Friday, December 2, 2016
What I Read: November
Like my "spooky reads" in October, I also had a bit of a theme with my reading this past month. Lesley of Words of a Reader, one of my favorite bookish YouTube channels, hosted a children's literature month in November. I didn't vow to only read kids' books the entire month, but I did go through my shelves and pull out a lot of middle grade novels that I've been meaning to read. I love children's books, so it was a lot of fun and nice to focus on them this month. (But now I'm ready to take a break from themed reading for a while, ha.) As always, click on the titles for my Goodreads reviews.
Halloween Party, by Agatha Christie. This was another Halloween read that I didn't finish until the first day of November. The mystery in this one was more complicated than I expected! I really enjoyed it. It seemed a little slow in spots, but the end was very tense and exciting, so it made up for that.
The Graveyard Book, by Neil Gaiman. I had such a weird experience with this book. More details in my review if you're interested, but basically I listened to the first half of it months ago as an audiobook, then physically read the second half. And I didn't really like it. I don't know what's wrong with me, I feel like I should love Neil Gaiman's books but so far I just don't.
Flora & Ulysses, by Kate DiCamillo. This book was just adorable. Kate DiCamillo's books are always lovely, but usually in a sad way. This one was quirky and charming, and the ending was so sweet. Who knew that poetry written by a squirrel could be so moving? (I know that sounds a little random, but that's the book in a nutshell. Pun intended.)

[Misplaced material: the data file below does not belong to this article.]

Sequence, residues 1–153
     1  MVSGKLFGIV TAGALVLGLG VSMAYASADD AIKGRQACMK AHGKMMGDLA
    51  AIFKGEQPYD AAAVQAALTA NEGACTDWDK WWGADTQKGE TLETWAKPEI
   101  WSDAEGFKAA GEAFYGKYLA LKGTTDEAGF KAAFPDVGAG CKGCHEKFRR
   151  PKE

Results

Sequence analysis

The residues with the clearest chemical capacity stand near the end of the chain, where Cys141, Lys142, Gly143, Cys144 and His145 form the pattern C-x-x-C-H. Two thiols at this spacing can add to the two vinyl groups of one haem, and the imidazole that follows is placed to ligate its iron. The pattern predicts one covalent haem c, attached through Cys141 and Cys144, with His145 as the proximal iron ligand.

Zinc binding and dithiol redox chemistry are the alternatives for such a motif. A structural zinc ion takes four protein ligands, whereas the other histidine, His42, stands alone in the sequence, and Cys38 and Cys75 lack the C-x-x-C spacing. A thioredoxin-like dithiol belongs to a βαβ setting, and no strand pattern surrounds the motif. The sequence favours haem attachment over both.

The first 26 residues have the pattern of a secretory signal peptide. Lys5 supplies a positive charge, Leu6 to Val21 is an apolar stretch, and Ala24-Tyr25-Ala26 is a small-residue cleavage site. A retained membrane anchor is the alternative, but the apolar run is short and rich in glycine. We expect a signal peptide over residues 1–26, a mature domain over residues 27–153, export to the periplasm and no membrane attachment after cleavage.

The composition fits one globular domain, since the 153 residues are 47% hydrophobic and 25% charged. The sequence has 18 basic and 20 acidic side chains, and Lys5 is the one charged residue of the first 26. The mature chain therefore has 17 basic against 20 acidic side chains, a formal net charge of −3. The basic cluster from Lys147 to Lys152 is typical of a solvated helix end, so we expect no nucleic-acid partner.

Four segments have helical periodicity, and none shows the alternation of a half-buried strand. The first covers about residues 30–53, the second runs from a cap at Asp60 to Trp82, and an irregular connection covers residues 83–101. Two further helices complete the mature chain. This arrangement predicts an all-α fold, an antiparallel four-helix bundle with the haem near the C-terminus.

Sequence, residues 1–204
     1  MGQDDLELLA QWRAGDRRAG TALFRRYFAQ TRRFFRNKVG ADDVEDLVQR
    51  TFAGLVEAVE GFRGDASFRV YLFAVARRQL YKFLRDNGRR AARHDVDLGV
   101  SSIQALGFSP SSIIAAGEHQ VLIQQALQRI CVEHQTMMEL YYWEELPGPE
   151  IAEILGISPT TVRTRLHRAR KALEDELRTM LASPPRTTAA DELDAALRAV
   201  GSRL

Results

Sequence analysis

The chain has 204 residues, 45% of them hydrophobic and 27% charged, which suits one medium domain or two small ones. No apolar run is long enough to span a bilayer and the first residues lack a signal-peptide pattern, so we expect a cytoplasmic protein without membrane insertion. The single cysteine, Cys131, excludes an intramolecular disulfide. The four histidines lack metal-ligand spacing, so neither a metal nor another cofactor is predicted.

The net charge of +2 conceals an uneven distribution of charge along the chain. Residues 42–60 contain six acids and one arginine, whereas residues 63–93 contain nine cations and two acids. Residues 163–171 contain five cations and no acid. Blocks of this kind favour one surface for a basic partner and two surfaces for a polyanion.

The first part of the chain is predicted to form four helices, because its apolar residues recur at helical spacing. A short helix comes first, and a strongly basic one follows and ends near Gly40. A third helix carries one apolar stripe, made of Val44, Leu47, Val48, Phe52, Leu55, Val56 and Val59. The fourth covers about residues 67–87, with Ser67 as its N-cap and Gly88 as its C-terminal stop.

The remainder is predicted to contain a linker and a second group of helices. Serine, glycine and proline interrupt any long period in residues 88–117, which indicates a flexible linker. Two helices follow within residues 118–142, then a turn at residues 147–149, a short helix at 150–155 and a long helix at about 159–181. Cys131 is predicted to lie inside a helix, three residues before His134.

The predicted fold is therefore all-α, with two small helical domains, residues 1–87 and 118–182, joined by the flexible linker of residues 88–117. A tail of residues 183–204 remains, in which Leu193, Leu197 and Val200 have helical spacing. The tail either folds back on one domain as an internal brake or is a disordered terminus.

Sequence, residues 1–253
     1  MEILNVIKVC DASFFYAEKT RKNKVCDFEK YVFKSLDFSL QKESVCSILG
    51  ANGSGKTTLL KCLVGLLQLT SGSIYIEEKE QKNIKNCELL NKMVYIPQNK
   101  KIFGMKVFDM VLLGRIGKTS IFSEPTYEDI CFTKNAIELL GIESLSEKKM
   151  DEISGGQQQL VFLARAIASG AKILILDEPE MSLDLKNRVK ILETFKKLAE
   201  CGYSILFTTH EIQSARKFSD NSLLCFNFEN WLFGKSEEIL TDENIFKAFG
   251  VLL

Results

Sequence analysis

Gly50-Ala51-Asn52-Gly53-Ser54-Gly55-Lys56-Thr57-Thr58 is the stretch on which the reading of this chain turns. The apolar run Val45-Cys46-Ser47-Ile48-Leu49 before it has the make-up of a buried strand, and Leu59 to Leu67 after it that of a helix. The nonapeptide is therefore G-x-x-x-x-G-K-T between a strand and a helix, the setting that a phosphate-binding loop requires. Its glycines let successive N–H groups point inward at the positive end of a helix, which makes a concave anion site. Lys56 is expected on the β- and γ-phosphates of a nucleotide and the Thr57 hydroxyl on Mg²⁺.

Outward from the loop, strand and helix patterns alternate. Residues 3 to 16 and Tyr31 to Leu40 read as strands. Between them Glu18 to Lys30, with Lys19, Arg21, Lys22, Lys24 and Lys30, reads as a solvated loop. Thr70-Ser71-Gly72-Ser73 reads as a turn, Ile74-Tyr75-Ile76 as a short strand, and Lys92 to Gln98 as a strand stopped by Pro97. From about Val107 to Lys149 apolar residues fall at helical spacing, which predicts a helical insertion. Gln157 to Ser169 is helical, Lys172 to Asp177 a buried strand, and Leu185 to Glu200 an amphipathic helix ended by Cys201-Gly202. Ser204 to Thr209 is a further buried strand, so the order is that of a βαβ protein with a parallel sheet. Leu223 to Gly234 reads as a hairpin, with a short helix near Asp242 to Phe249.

Destiny, Rewritten, by Kathryn Fitzmaurice. I was pleasantly surprised by this one. Like Flora & Ulysses, it was also charming and full of quirky characters, but in a different way. I liked how bookish it was, and at times it reminded me of Natalie Lloyd's books.
Juniper Berry, by M.P. Kozlowsky. This one was a little disappointing. There were some very memorable aspects, because they were both creepy and creative, but I felt like it wrapped up too quickly. Especially because the majority of the book was slower paced.
The Lightning Thief, by Rick Riordan. This book was a lot of fun! I'd always heard good things about it, and I'm glad that it lived up to them. I know almost nothing about Greek mythology, but that wasn't a problem at all. I loved how creatively and seamlessly the gods and characters from mythology were incorporated into the modern day setting. Looking forward to reading the rest of this series!
Is Everyone Hanging Out Without Me? by Mindy Kaling. This memoir was okay, about what I expected. I'm not a fan of Mindy Kaling's (not that I'm not a fan, I'm just not really familiar with her work), but for some reason I've always wanted to read this book. Some parts were funny, and I enjoyed the more personal essays about relationships and body image and friendship more than the ones about her career. I liked it enough that I'll be reading her second memoir soon.